A Discovery Health Medical Scheme member who contracted COVID-19 while away on a friend’s birthday holiday in Austria says she never expected to have been hit so hard by the disease
When 36-year-old Lisa* (not her real name), a communications specialist from Johannesburg, travelled to a small Austrian town early in March 2020, the risk of contracting coronavirus disease 2019 (COVID-19) seemed low.
“Both Austria and Switzerland, where we landed, were low-risk destinations at the time. We were there for a 40th birthday trip that had been planned a year in advance. However, we were conscious of the risk and thought about it carefully because people were flying in from the United Kingdom and South Africa. There were very few cases of COVID-19 at the time. Switzerland had fewer than 500 and Austria had around 200. We were told COVID-19 was non-existent in St Anton, the little skiing town we were in,” she says.
The group had all travelled from their respective countries to gather in St Anton. Along the way, someone picked up the COVID-19 virus. The group of 17 were all sick by Day 4. All of them were tested upon their return to SA and found to have acquired COVID-19.
“We have thought a thousand times over about where the virus could have come from. We could have contracted it at the airport or on the train to St Anton. It was completely bizarre. The six weeks since becoming ill, have been surreal. I never imagined in a million years I would get COVID-19. And we all did.”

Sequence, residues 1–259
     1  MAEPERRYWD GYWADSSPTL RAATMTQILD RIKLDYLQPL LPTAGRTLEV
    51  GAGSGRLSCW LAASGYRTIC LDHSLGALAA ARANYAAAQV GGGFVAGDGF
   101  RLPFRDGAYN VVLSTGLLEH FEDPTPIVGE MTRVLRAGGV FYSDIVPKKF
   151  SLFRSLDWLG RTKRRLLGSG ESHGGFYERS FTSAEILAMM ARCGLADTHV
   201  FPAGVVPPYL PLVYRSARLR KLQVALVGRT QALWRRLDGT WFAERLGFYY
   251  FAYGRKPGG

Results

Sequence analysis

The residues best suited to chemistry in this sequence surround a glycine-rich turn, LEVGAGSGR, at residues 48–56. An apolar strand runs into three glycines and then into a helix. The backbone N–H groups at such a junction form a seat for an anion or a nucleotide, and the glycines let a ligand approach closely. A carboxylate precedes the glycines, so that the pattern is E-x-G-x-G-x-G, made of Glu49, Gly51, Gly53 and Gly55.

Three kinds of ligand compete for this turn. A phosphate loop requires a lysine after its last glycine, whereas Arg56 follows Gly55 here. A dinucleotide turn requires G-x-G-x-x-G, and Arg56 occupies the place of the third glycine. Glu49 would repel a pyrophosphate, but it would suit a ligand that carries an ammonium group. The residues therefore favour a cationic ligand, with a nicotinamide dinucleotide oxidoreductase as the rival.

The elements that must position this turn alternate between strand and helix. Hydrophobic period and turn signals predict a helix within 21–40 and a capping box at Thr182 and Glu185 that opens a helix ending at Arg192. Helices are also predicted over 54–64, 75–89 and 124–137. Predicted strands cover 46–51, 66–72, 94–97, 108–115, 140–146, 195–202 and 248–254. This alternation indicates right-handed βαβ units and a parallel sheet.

A viral hotbed in a hamlet
The virus hit quickly. A day or two into her trip, she felt terrible pain and fever, she says. “I remember being in a supermarket, and I was suddenly dripping with sweat, about to pass out.” Lisa says she had the full spectrum of symptoms, “a streaming nose,” fever, sore throat, body aches and excessive fever.
In hindsight, the town seems to have been a hotspot for the virus to spread, she says. “If I think back to the first night we arrived, everyone was at a restaurant-cum-pub which was packed, really hot and people were moving around close to each other. In the week we were there, it completely exploded. Every single person we met was infected with the virus.”
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Hasty exit to South Africa
“We decided to get back to Switzerland early because we were worried about the borders closing. On March 15, I landed in Johannesburg and I took myself straight to the doctor who I had arranged to see and who was ready for me, and have been in self-isolation since that visit,” she says.
Her doctor administered a drip, cortisone and a steroid asthma pump, which she had not used in years.
“I wasn’t hospitalised even though I was very ill, but having chronic asthma, I know my lung capacity well. I also had an antibiotic to take care of secondary infections, plus a Vitamin B shot to boost my immune system. I was very ill at home for at least ten days, with a raging fever, headache, terrible body aches. My breathing wasn’t great. I’ve had swine flu before, but this was unlike anything I have ever experienced,” she says.
Lisa adds: “At my very worst, it was difficult to walk to the kitchen to get a glass of water.”
Recovery and retesting
She is nearly back to good health, she says, but has trouble breathing well. Two recent tests for the virus have been positive. “I have read that it takes about six weeks to recover, so I am nearly there. Hopefully the next test will be clear. A lot of people on my tour also got the virus, but their symptoms were slightly milder than mine. Overall, everyone else is feeling so much better.”
It is imperative that South Africans take the pandemic seriously, she says. “I am incredibly fit and active, and to have been hit so hard was not what I expected. Take care and stay home. That is the only way to avoid this.”
*Not her real name.
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